He is the second leader of the Democratic Unionist party, having taken over from the Reverend Ian Paisley, the nearest thing to a modern-day Old Testament prophet, famous for his fundamentalist Protestantism. The Iris affair is thus the perfect storm for the Robinsons, a nightmarish vortex of the political, personal and theological.

With a Westminster election looming, the whole affair is bound to have political impact, as the DUP seeks to fend off rivals for the unionist vote. But the shock of the revelations is so great that, as yet, its overall implications remain unclear.

Huge as the impact has been, the widespread belief is that there may be more disclosures to come. So far, statements from Peter and Iris have concentrated on her depression, her affair and her suicide attempt.

They have dealt only glancingly with the question of the couple's finances, which has also been the subject of much rumour. Asked about his finances, the First Minister replied: "In all of my public life I have acted in the most professional and ethical way. There is nothing that anybody will produce. I am absolutely certain that everything that I have done has been done as it should. I have heard all sorts of nonsense and rumours over the last number of days, even indicating that I had lost three million pounds in shares and a lot of other stuff. Absolute rubbish."

He has said he is determined to stay on as First Minister, and the signs so far are that what has emerged to date will not eject him from office. But his survival ultimately depends on a clean bill of financial health, with satisfactory answers to whatever money questions are raised.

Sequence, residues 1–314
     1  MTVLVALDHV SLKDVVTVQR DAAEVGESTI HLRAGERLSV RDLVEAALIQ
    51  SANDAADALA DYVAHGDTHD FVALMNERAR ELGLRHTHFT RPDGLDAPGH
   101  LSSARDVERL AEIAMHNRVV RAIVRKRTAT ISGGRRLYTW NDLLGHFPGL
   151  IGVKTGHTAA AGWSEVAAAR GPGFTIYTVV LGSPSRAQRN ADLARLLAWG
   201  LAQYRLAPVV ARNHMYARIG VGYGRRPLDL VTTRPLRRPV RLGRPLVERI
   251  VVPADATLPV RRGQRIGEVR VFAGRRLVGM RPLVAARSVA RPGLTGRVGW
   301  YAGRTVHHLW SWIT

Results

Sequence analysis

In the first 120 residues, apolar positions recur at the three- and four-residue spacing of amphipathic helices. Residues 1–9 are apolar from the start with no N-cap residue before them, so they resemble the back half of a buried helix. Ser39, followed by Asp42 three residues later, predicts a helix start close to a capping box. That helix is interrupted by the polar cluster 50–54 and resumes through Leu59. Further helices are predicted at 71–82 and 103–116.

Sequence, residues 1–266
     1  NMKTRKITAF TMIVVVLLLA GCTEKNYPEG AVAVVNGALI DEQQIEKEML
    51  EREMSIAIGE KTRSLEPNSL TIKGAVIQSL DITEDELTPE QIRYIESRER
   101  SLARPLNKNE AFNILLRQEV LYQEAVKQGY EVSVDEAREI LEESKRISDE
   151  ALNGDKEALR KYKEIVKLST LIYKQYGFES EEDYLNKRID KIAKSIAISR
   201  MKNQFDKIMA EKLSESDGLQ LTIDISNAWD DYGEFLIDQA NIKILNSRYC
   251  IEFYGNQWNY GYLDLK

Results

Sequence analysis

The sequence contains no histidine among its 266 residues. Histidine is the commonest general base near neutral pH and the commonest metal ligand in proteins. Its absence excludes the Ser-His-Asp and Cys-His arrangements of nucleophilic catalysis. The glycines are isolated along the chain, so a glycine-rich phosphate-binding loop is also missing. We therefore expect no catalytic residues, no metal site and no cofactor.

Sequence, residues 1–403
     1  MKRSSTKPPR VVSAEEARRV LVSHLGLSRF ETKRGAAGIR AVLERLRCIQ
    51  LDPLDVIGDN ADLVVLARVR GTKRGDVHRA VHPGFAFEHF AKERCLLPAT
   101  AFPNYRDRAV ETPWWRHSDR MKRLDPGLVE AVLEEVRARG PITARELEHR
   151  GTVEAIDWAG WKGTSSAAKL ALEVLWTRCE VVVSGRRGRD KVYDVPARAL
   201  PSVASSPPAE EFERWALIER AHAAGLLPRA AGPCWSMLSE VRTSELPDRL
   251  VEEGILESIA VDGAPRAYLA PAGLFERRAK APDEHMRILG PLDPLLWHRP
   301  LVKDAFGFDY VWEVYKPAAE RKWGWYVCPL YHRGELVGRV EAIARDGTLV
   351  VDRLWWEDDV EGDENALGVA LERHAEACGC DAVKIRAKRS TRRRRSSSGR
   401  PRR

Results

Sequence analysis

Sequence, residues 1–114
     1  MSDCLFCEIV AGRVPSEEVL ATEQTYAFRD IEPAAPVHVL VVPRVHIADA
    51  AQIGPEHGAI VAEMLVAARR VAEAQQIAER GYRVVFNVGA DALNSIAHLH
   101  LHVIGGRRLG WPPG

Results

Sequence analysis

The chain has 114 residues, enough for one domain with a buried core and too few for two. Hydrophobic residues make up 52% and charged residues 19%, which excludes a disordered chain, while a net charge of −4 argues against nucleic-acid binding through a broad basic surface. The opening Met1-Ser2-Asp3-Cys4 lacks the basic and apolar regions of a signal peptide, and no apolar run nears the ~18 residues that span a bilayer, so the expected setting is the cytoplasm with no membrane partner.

Certainly anything that caused him to step down as First Minister would spark a full-blown crisis for Northern Ireland's fledgling devolved administration, given that over the past year it has seemed increasingly fragile.

Peter has been a familiar figure in politics for years, though always in the shadow of Ian Paisley, whom he began by hero-worshipping. He went on to become Paisley's brilliant back-room boy, his organisational and election skills complementing his leader's rhetoric.

He has gone through extreme and moderate phases. At one period of high tension in 1987, he took part in an incursion by hundreds of loyalists into the Irish Republic, intended to demonstrate weaknesses in border security. But ignominiously he was arrested by southern police; and even more ignominiously he agreed to pay a £15,000 fine. The more extreme loyalists abandoned him after this, regarding his performance as craven.

There were other times when he was associated with sinister loyalist elements, at one stage donning a red beret, at another speaking of times when "legitimate force" was justified. Pronouncements such as these led a one-time head of the Northern Ireland civil service to describe him as "somewhat scary".

But on other occasions he was viewed as more pragmatic, with British ministers trying to coax him to take a more moderate line than Paisley. One of these, the former Northern Ireland Secretary Douglas Hurd, recalled: "At one time I had hopes of Paisley's young deputy Peter Robinson, who had a sharper mind.